The U.S. Food and Drug Administration approved Bristol Myers Squibb Co.’s combination therapy for previously untreated patients with a form of lung cancer, a much-needed boost as the company battles the dominance of Merck’s Keytruda.
The U.S. Food and Drug Administration approved the anti-PD-1 therapy Keytruda as a monotherapy for patients with recurrent locally advanced or metastatic squamous cell carcinoma of the esophagus whose tumors express PD-L1 with disease progression after one or more previous lines of systemic therapy.
Merck’s checkpoint inhibitor Keytruda (pembrolizumab) in combination with chemotherapy hit the primary endpoint in the company’s Phase III KEYNOTE-522 in triple-negative breast cancer.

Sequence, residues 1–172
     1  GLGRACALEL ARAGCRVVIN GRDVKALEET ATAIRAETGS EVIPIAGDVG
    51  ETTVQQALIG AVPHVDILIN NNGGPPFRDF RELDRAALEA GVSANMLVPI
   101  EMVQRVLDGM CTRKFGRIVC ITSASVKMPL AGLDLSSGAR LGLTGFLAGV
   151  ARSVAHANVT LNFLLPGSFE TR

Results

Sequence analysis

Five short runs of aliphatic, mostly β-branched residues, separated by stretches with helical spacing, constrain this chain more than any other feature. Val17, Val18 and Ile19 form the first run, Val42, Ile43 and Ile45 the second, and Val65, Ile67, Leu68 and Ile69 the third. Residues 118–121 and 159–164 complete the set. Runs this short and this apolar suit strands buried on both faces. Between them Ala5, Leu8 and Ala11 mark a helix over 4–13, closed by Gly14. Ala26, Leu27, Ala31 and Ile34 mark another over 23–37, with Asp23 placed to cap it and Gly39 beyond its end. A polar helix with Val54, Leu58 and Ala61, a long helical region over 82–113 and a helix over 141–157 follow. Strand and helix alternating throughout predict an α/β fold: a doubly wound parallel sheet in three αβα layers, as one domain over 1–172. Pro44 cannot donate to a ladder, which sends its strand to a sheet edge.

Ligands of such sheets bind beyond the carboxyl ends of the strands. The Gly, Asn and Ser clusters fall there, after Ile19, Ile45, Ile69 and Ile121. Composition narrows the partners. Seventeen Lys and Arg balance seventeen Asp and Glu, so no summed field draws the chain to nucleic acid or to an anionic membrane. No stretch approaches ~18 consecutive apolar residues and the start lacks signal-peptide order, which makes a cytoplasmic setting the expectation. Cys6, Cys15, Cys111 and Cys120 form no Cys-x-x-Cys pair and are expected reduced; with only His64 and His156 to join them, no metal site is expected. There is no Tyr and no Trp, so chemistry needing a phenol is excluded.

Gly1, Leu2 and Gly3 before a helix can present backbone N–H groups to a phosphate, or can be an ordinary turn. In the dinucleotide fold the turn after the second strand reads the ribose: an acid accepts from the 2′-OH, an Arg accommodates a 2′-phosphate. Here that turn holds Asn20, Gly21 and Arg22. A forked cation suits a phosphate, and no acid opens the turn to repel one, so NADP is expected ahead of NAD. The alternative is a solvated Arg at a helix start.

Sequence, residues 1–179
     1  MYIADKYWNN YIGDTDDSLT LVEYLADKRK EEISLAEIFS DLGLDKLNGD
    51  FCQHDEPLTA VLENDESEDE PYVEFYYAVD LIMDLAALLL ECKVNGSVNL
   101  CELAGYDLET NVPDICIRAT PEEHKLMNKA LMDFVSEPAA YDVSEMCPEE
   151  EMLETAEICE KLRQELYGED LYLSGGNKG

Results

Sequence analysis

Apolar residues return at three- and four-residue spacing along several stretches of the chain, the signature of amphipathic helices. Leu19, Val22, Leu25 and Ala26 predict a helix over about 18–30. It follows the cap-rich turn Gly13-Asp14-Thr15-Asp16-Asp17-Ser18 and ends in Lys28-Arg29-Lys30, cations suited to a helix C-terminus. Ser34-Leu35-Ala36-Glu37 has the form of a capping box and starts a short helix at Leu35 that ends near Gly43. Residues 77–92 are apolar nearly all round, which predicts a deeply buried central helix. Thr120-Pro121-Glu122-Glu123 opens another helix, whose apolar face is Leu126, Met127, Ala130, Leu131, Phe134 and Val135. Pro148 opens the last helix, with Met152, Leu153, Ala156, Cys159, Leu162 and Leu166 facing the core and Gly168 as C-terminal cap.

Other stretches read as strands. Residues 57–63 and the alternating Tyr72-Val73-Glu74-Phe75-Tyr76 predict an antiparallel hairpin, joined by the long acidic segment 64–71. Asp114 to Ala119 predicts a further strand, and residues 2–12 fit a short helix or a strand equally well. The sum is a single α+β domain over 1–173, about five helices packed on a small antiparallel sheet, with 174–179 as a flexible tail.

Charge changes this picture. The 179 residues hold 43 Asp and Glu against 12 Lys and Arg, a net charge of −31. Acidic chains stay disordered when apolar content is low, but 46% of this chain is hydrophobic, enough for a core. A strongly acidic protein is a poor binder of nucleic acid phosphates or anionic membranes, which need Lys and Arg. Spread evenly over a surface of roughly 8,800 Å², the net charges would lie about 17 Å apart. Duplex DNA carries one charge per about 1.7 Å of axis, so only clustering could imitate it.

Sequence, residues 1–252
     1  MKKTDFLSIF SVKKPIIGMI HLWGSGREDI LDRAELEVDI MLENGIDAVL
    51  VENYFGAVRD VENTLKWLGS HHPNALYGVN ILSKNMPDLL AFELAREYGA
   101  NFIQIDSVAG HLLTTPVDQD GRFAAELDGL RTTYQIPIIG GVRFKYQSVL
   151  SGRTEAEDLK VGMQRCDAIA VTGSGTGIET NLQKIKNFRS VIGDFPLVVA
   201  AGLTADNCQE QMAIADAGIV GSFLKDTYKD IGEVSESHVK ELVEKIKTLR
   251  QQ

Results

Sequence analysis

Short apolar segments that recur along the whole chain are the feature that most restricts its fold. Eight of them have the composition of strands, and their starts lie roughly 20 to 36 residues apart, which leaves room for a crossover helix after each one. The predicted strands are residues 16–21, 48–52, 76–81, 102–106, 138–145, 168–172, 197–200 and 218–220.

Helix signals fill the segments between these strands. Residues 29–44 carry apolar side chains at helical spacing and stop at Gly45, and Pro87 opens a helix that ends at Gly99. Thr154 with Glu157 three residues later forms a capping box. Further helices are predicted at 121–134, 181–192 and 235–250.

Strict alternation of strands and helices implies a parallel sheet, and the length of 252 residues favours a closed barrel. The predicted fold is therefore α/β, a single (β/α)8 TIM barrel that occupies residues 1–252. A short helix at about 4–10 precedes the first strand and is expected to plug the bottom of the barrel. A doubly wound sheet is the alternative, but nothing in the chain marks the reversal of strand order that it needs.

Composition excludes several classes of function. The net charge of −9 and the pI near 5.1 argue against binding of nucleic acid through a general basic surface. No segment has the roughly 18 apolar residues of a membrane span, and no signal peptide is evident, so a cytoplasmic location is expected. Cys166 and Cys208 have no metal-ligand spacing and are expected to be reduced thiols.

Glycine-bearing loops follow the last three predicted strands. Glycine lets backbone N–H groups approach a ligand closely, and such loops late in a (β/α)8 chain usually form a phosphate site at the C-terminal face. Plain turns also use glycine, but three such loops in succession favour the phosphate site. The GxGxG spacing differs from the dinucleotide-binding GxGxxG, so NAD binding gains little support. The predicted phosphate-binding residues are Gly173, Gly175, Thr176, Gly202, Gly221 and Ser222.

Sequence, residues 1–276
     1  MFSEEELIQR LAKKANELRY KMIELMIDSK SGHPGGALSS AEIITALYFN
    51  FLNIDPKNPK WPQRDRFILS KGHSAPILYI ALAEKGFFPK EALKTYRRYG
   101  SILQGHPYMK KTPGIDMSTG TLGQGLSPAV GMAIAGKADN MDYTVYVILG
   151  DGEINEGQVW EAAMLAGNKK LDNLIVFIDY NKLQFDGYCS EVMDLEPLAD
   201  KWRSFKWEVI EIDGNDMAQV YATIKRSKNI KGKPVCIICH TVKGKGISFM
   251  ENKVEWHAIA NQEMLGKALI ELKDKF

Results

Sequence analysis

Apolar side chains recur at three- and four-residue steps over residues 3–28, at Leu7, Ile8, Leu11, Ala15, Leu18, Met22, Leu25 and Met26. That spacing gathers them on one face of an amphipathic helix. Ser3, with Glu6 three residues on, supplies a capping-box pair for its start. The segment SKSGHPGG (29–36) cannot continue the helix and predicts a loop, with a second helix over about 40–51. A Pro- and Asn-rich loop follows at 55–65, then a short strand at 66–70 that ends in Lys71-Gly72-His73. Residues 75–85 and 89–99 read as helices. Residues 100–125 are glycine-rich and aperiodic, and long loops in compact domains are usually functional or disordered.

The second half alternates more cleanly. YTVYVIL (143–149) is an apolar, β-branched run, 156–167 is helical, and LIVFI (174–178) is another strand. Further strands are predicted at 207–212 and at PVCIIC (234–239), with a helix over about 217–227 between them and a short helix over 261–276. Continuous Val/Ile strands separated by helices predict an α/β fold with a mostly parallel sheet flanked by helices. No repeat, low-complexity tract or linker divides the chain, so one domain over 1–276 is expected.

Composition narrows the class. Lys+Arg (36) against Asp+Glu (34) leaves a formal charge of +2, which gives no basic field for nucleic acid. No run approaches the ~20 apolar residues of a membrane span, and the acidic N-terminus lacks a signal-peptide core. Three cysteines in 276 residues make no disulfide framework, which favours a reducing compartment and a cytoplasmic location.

With the books closed on another ASCO meeting, it’s clear to see that checkpoint inhibitors keep showing a promise.
EMD Serono and Pfizer announced that the U.S. FDA approved Bavencio (avelumab) in combination with Inlyta (axitinib) for the first-line treatment of patients with advanced renal cell carcinoma.
AstraZeneca’s immunotherapy drug Imfinzi was approved in Europe for use in lung cancer patients with inoperable disease that had advanced locally but not spread widely around the body.
The U.S. FDA granted approval for expanded use of AstraZeneca‘s immunotherapy drug Imfinzi to treat non-small cell lung cancer whose tumors can not be surgically removed.
Merck KGaA and Pfizer Inc. received a setback for their drug Bavencio, which is a late starter in the cancer immunotherapy field.
AstraZeneca saw revenues and product sales fall over the course of 2017. Total revenues declined 2 percent to $22.46 billion and product sales fell 5 percent to $20.15 billion.
Pharma giant AstraZeneca has seen a fourfold increase in research productivity following a narrowing of disease focus and cuts in laboratory and staff over the past seven years, Reuters reported.